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Am I too old to get a mortgage?

Legally, you're never too old to get a mortgage. As long as you've got the means to pay it, there'll be mortgage providers willing to lend it.

Words by: Nic Hopkirk

Senior Editor

The traditional view of mortgages is that the older you are, the more challenging – and expensive – it becomes to borrow for a new home. 

But if you have the means to pay a mortgage once you've retired, you could still get one when you’re 85.

Specialist mortgage brokers will have plenty of providers willing to lend to the older sector on their books.

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Can you get a mortgage when you’re over 50?

Yes you can. As with everyone taking out a mortgage, the amount you’re able to borrow depends much more on your financial circumstances than your age, particularly if you’re still years away from retirement. 

Whatever your age, lenders will look into your monthly income and outgoings, as well as how big a deposit you have, to assess your affordability.

They may require that the mortgage is repaid in full over a shorter term, 20 years rather than 30, for example. But that’s because when you retire, unless you've got a massive pension coming your way, your income is likely to go down.

A shorter mortgage term means the monthly repayments will be higher, but the overall interest you'll pay on the mortgage is likely to be lower, as it's paid back in a shorter time frame.

For a £200,000 loan with a mortgage interest rate of 2% for example, the monthly repayments would be £1,011 if it was taken out over a 20 year term, rather than £739 if it was taken out over a 30 year term.

But if you’re financially comfortable with that and can prove you can easily meet the repayments, then there's likely to be a lender out there for you.

See how a shorter term or different interest rate impacts your monthly repayments with our mortgage calculator.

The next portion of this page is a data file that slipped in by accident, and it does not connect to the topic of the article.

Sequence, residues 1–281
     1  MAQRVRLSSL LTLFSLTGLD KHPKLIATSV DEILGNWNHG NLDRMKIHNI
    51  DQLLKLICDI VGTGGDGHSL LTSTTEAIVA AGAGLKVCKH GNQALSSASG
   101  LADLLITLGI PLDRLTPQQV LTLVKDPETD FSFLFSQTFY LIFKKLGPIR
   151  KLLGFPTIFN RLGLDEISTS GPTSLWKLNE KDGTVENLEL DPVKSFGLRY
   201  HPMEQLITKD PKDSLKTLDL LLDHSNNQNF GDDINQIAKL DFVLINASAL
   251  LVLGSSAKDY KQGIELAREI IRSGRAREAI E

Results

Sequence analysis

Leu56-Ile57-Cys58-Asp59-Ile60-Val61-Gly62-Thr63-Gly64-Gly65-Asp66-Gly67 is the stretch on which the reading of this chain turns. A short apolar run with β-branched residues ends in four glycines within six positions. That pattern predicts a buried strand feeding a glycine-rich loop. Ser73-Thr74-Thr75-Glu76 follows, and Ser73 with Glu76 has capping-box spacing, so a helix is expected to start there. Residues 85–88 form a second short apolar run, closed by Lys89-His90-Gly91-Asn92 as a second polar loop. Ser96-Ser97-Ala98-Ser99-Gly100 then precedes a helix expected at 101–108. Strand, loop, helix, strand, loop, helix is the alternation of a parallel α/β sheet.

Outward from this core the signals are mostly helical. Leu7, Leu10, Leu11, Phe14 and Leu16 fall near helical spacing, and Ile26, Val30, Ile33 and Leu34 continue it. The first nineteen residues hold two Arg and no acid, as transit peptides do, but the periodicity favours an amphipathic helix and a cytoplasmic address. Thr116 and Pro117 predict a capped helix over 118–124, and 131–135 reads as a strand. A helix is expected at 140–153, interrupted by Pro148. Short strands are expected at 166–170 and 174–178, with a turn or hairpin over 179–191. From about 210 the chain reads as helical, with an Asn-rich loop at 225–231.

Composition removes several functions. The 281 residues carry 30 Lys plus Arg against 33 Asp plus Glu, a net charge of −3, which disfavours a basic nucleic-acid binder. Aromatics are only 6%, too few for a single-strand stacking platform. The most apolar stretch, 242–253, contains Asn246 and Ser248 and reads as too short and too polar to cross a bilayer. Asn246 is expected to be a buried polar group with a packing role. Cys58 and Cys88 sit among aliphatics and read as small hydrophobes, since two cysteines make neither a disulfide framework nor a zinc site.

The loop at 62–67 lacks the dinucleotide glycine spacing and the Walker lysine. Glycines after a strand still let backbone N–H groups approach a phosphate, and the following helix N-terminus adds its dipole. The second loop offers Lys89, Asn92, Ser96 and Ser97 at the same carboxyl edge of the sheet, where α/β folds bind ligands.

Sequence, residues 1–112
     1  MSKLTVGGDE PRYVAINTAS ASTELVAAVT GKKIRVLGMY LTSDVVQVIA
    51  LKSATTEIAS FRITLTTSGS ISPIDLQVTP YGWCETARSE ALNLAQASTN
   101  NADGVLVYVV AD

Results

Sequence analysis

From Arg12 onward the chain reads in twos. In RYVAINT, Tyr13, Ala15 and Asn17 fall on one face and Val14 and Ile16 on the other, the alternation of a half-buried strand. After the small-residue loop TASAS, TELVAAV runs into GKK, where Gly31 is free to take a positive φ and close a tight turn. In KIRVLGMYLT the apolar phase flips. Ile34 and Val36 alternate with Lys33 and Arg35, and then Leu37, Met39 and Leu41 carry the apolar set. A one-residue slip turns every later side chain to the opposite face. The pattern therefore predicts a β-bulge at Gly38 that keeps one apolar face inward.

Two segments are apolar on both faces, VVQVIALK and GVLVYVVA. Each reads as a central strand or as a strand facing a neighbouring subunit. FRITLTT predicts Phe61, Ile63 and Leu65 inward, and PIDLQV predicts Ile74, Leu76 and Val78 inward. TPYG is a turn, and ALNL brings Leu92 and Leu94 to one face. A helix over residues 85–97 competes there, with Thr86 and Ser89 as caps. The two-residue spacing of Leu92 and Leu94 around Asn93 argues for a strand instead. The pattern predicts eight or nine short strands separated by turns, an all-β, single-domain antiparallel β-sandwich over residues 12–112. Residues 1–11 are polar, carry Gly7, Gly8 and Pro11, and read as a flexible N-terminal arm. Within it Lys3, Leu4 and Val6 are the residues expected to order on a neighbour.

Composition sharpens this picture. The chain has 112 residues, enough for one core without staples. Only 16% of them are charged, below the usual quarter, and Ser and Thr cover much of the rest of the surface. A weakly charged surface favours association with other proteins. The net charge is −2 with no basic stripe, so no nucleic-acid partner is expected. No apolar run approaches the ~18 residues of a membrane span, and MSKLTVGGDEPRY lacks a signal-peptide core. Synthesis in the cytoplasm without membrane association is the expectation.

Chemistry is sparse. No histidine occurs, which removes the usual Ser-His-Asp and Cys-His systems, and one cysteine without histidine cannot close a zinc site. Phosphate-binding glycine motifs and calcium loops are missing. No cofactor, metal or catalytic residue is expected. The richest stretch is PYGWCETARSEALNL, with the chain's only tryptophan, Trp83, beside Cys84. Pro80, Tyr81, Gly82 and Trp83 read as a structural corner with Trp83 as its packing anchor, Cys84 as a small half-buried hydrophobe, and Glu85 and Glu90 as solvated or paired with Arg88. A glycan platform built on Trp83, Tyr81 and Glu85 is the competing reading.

Mortgage calculator

Work out what your monthly mortgage payments could be with our mortgage calculator.

Is it harder to get a mortgage when you're older?

Not necessarily. If you have a solid income and a good pension to look forward to, you’ll be in a good position to get a mortgage.

Here’s how to give yourself the best chance of securing that loan.

1. Be ready with a good deposit

Save for the biggest deposit you can, as this reduces the lender’s risk and could make them more willing to lend.

Retain bank statements showing you’re conducting your finances well.

Find out more about how to save for a deposit.

2. Get all your paperwork in order

Check your credit report with one of the UK's credit reference agencies. 

You can check your rating through Zoopla partner's Uswitch.

3. Improve your credit score

Simple ways to do this include getting registered on the electoral roll, clearing unpaid debts and closing credit card accounts you no longer use. 

Here’s how to improve your credit score.

4. Know what your monthly income from your pension will be

Ask for a pension projection from your provider to find out how much income you’re likely to receive when you retire.

If you’re already retired, get a pension statement showing the income you have to fund the mortgage.

5. Do you have any other sources of income?

Have details of investments or income from savings to hand.

6. Speak to a specialist mortgage broker

A broker who specialises in helping older borrowers get a good deal will already have a range of lenders willing to lend on their books.

Sarah Walker: I secured a mortgage in my fifties

Sarah Walker bought her mother's house when she was 52 and secured a £110,000 mortgage over a term of 17 years.

Sarah and her three children had been living with Sarah’s mother at her home but decided to buy it from her to provide her with an extra source of income. 

'We decided that it made sense for me to buy the house from her,' says Sarah, who works as a marina manager.

'This meant she could free up her capital, and it worked out better in terms of inheritance tax.' 

Sarah spoke to a mortgage broker who helped her to find a lender. 

The lender had a maximum repayment age of 69, meaning the traditional 25-year term had to be shortened to 17 years.

For a repayment mortgage at a typical rate of 3% it would cost Sarah an extra £168 a month.

'I feel very lucky to have got a mortgage, as I thought it might be harder to find lenders willing to lend to the more mature borrower,' says Sarah.

'But my monthly repayments are more expensive.

'If I'd been able to get a mortgage with a 25-year term, those extra eight years would have made it a lot less costly.' 

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